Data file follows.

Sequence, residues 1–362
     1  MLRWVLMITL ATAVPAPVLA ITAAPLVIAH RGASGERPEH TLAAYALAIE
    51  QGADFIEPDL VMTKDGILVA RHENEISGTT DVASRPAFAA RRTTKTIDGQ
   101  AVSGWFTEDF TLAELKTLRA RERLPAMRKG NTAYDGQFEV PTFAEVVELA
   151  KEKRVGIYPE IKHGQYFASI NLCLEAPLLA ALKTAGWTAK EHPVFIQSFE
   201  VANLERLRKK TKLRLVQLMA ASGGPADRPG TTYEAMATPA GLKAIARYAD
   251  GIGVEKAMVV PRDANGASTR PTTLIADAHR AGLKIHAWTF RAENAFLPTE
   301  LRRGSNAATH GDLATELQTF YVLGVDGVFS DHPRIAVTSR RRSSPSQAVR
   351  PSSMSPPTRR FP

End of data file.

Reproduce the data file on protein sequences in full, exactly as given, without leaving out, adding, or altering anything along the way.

Sequence, residues 1–362
     1  MLRWVLMITL ATAVPAPVLA ITAAPLVIAH RGASGERPEH TLAAYALAIE
    51  QGADFIEPDL VMTKDGILVA RHENEISGTT DVASRPAFAA RRTTKTIDGQ
   101  AVSGWFTEDF TLAELKTLRA RERLPAMRKG NTAYDGQFEV PTFAEVVELA
   151  KEKRVGIYPE IKHGQYFASI NLCLEAPLLA ALKTAGWTAK EHPVFIQSFE
   201  VANLERLRKK TKLRLVQLMA ASGGPADRPG TTYEAMATPA GLKAIARYAD
   251  GIGVEKAMVV PRDANGASTR PTTLIADAHR AGLKIHAWTF RAENAFLPTE
   301  LRRGSNAATH GDLATELQTF YVLGVDGVFS DHPRIAVTSR RRSSPSQAVR
   351  PSSMSPPTRR FP